Toki, of Forest & Bird, certainly thinks so.

She harks back to the John Key years, the dismissal of elected Canterbury regional councillors, and the installation of appointed commissioners.

“There were a number of communications from ministers to officials about how to accelerate large-scale water storage and irrigation in that instance, particularly on rivers that had water conservation orders on them.”

Toki says she can only assume what “rebalancing” Te Mana o te Wai might mean. But if there’s a plan for greater agricultural intensification that looks like it did a decade ago, “we already know the consequences of that”.

The picture is of an increase in irrigated land, especially in Canterbury, accompanied by skyrocketing use of nitrogen fertiliser to accommodate a huge rise in dairy cattle.

At the other end, nitrate concentrations continue to increase in Canterbury regional council groundwater surveys, and, across the country, there is a worsening trend in more than half of river monitoring sites.

Says Toki: “I don’t think the public will accept it this time around.”

(There was a salient lesson earlier this year from Ōtūwharekai/Ashburton Lakes, that even a supposedly dedicated effort to manage pollution problems can fail.)

Could history repeat?

In June, Federated Farmers’ national board member Hurst wrote to Environment Minister David Parker about Canterbury’s regional council, ECan, applying Te Mana o te Wai at an individual consent level, which he worried would lead to huge costs for farmers and a consent backlog.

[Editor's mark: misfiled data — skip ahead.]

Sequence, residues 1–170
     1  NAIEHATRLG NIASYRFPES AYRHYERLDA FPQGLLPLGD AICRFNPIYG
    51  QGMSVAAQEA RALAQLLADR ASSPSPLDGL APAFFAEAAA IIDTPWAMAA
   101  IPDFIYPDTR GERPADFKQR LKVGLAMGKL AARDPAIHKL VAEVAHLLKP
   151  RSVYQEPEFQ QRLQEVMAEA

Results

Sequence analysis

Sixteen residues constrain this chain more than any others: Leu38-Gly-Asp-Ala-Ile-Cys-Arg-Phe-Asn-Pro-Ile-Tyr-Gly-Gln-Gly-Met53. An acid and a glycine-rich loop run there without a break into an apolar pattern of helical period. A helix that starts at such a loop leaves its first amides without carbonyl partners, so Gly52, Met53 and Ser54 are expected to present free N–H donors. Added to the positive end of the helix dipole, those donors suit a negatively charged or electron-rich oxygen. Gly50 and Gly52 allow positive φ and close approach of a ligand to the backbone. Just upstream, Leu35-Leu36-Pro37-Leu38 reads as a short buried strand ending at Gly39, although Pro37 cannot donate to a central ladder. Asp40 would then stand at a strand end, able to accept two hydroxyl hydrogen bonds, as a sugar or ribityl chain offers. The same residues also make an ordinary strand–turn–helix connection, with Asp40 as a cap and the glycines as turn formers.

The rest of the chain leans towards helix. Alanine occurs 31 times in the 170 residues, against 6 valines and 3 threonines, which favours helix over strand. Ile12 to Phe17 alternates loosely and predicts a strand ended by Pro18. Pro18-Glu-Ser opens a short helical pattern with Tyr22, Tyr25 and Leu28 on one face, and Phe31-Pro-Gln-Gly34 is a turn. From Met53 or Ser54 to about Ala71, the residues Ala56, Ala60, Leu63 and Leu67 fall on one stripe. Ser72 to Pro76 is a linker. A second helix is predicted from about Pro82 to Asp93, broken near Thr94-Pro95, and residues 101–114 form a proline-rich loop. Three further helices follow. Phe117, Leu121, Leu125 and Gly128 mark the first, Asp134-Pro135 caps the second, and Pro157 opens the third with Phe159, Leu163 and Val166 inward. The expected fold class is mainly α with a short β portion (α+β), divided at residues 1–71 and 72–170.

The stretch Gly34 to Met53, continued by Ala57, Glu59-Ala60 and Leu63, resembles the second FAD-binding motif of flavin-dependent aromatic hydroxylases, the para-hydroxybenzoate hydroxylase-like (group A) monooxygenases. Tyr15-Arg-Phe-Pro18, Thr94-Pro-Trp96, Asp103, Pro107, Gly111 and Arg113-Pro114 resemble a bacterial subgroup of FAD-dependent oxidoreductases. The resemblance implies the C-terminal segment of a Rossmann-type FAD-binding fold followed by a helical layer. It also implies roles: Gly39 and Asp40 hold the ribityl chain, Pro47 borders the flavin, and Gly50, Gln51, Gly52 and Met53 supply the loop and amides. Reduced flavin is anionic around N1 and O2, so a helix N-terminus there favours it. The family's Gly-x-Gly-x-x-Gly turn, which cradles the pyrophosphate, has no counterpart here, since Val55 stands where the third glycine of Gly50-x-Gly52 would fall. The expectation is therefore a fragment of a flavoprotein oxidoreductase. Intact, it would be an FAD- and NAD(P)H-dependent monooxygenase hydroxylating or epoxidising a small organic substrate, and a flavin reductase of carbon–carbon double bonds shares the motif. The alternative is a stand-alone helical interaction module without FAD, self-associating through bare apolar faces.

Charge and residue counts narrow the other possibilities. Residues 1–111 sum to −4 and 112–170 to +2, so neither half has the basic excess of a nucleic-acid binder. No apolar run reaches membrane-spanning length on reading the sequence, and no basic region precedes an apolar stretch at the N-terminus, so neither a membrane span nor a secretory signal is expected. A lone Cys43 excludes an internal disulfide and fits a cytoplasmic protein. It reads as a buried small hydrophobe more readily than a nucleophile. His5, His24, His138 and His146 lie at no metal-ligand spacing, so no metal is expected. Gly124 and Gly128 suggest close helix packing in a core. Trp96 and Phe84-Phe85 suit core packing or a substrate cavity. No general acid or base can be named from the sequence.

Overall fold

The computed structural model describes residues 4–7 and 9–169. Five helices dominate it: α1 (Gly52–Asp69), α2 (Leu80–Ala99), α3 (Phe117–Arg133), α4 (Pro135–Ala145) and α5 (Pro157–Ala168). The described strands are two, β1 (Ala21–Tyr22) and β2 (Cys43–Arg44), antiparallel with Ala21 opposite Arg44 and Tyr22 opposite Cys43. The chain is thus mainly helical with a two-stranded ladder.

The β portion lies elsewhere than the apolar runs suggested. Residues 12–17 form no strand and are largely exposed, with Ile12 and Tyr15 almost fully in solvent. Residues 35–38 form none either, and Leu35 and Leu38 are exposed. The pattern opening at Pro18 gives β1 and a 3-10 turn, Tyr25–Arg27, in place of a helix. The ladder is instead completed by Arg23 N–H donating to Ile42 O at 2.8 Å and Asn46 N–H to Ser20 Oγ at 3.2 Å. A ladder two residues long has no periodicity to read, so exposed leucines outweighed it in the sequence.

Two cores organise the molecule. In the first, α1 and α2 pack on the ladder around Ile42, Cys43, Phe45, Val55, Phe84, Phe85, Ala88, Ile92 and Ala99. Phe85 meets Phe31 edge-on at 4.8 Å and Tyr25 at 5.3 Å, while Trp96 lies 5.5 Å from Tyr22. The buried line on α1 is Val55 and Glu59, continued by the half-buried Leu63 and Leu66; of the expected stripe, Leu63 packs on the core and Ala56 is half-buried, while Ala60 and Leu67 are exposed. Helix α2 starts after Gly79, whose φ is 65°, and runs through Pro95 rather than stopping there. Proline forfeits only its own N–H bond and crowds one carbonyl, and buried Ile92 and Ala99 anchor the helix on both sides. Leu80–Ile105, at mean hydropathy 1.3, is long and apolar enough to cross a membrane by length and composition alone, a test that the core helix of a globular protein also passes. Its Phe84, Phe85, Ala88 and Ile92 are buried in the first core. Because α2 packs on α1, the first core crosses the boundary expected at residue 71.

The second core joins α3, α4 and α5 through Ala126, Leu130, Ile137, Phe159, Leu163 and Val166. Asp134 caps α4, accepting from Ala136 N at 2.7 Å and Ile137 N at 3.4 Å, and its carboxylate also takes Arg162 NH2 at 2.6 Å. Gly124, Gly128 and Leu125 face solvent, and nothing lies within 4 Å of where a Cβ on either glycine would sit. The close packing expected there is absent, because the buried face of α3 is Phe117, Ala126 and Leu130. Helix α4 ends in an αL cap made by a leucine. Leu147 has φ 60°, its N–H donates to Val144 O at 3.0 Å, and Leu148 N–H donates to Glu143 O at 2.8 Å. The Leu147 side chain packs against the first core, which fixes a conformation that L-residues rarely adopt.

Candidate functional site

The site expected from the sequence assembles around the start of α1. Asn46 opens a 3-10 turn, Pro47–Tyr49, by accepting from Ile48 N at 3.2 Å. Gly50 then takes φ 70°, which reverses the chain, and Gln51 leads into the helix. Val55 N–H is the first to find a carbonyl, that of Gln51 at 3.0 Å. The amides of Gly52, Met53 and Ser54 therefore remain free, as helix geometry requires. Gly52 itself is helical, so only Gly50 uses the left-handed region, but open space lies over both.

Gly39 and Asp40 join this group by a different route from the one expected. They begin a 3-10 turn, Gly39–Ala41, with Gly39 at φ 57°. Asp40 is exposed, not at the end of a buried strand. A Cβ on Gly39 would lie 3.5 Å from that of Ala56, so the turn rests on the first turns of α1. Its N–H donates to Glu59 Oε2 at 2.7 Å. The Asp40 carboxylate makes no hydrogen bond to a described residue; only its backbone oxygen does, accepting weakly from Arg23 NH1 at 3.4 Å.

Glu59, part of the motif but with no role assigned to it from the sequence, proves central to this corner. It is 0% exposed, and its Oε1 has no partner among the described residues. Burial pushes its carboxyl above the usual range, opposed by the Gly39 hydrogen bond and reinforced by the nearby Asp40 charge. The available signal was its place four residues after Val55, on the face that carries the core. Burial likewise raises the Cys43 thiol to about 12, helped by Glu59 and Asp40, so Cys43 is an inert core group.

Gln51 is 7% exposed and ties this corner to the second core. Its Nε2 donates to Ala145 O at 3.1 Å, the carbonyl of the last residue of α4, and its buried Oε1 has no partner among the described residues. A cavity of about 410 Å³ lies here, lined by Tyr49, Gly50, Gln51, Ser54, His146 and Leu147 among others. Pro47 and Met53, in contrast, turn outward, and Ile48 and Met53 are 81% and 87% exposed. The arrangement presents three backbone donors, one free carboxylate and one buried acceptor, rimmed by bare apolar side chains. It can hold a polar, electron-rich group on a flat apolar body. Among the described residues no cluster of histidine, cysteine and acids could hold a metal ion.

Yesterday, The Press newspaper reported that in the past financial year, ECan processed just a third of consents within the legally required time, and the council voted to spend another $3.5 million into consent processing to address what it called immediate performance risks.

One of the justifications for sacking ECan councillors in 2010 was its poor performance on consent processing.

Back to the present, and in the background, regional councils are getting on with developing new regional plans to usher in changes required by the 2020 version of the national policy statement for freshwater management (NPS).

The plans, with new policies and rules, will formally entrench the NPS elements – crucially Te Mana o te Wai and new bottom lines.

All this has to be in place by the end of next year, more than four years since the latest iteration of the NPS came in.

Last month, Bay of Plenty Regional Council finished initial consultation on draft options for its 13 catchments, known as freshwater management units.

This is where the national policy rubber hits the regional road, if you like – a council formulating a plan, while taking into account the community’s feedback and expectations.

“There have been considerable concerns raised especially around some of the existing regulations,” says Doug Leeder, chair of the Bay of Plenty Regional Council, and who also heads Local Government New Zealand’s regional sector.

As he describes it, further intensification will be essentially prohibited in some catchments. Was that always the plan, he wonders, or an unexpected consequence?

“In some parts of the Eastern Bay, we’ve got something like 500 hectares of solar farms being developed. The opportunity for that land area to subsequently, at some time in the future, convert back to some form of pastoral farming, cropping, etcetera, is about zero.”

The public expectation is for a gradual improvement in water quality, Leeder says. But some of the reductions being requested seem draconian and impractical.

The whole process might be up-ended yet, depending on what the next government decides.

Leeder says if the NPS is changed, the quicker the government gets to it the better, with clear guidance for regional councils.

“The last thing we want to do is get through to mid-2024, or the end of 2024, and then someone changes the rules and we’ve got to go back and revisit the whole plan change.”

That, he says, would be a wasted effort, and a huge waste of public money.

David Williams is Newsroom's environment editor, South Island correspondent and investigative writer.